Hong Kong Cinemagic
Version française English version
 Capsule Reviews   English Board   Facebook  
 Movie Studios
 Your Settings

HKCine Search
Switch to Google Search
>> Help

 Film directors

 Drama & Opera

 Shaw Brothers
 Film Industry
 Cultural & Societal

 DVD Tests
 HK Cinema Books
 Where to buy?

 OST & Music
 PDF & E-books
 VIP Guestbook

 Site Map
 Editos Archives
 Site History
 Visitor guestbook
 HKCinemagic 2

Statistics :
11630 Movies
19215 People
1448 Studios
29 Articles
73 Interviews
12 DVD Reviews
32452 Screenshots
3722 Videos
Interview with Chee Keong Cheung, on his HK action film debut
Film-making in HK 1/1 - Page 4
Author(s) : Thomas Podvin
Date : 30/12/2008
Type(s) : Interview
 Intext Links  
People :
Stephanie Langton
Carl Ng Ka Lung
Richard Ng Yiu Hon
Shing Fui On
Vincent Sze
Cary-Hiroyuki Tagawa
< Previous
Page 3 : An eclectic cast
Next >
Page 5 : Filming action

HKCinemagic: Do you mean you always changed the script on the spot?
Chee Keong Cheung: Not all the time, but sometimes. I like to feel [and incorporate to the story] what the actors will bring and I am open to that. It’s a collaborative process. For any film, casting is the key and it’s important to allow actors to contribute and offer ideas to their characters. Of course the script is an integral part of any film and forms the blueprint and structure, but I like to have some freedom. The key with the improvisation and any suggestions in my opinion is to ensure that it’s in context and the basis is covered: “this is what we need to convey within the script, this is the intention we want to get across.”
HKCinemagic: So the completed version of Bodyguard was close to the original script or not?
Chee Keong Cheung: I’d say a mixture. Sometimes through choice and other times through production restrictions. Working with a limited budget, we utilised and maximised all the resources available, but of course as with any independent productions there are restrictions and limitations, which sometimes led to cuts to some sequences. This happens unfortunately and one has to find a way around it to ensure the narrative flows. Also some ideas don’t necessarily work out as you’d first imagined and need re-working and other scenes work a lot better than first expected. It’s certainly an exciting process and journey.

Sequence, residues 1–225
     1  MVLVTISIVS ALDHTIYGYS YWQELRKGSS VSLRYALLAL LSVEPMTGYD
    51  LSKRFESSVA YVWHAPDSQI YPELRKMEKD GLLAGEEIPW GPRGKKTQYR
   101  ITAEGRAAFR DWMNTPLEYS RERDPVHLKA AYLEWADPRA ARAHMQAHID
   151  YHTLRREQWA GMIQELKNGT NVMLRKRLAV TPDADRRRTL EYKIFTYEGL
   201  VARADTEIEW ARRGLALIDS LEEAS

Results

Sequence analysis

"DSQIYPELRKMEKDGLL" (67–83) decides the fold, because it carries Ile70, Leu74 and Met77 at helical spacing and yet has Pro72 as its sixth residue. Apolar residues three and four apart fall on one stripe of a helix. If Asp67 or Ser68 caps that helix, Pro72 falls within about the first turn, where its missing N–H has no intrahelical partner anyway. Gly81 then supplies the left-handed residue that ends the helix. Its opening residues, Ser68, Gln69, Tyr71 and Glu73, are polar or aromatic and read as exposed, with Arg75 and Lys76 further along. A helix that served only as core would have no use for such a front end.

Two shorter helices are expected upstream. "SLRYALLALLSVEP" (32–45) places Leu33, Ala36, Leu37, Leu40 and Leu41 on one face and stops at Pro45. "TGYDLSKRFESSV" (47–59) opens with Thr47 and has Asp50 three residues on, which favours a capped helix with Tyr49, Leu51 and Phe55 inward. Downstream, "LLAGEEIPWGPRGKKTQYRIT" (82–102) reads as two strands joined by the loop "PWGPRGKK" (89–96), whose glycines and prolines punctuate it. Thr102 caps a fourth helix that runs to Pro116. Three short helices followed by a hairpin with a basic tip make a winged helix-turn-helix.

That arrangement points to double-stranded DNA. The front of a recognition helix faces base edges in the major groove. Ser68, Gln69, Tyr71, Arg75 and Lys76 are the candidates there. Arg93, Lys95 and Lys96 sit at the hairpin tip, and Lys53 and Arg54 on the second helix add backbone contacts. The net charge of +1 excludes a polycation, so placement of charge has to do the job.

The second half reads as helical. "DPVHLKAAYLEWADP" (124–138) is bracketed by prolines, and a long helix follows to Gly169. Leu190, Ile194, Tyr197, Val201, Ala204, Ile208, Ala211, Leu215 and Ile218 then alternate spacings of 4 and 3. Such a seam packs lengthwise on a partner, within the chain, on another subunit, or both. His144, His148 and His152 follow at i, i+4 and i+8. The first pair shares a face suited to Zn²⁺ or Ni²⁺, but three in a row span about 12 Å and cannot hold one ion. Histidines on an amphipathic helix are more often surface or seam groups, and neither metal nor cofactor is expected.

HKCinemagic: It feels a bit like the guerrilla system for which HK filmmakers are known for. They sometimes work from a treatment and change the script as they go.
Chee Keong Cheung: I really like the HK way of film-making. To be honest, it [shooting a film there] was a mean to experience that. Having spent so much time in the West and making films here [in the UK], [the HK way] it’s a different way of thinking. I find myself adapting to adjust to that, the environment and the way to make it work. It only gives you a lot more freedom. It was interesting and it took me a little bit of time to adapt. I speak Cantonese but not overly fluent. Cary-Hiroyuki Tagawa is American, Stephanie Langton is English and neither speak Chinese, Richard Ng and Carl Ng both speak English and Chinese. It was a strange mix because [in HK] I talked to my co-producer, Ean Tang and my DOP [Henry Chung] in English and to my AD [Ma Siu Ling] and to some actors like Shing-Fui On in Chinese. So it was a mixture and I was constantly switching language. On the first day I spoke in English and soon realised that some of the crew and cast didn’t understand fully what I was saying. So I had to repeat all in Chinese (as best as I could). But when you say something in English it doesn’t always translate well into Chinese. It can be a bit more discursive in the West; you can talk about mood and feels and looks. It’s less like that in HK I think and sometimes things can get lost in translation.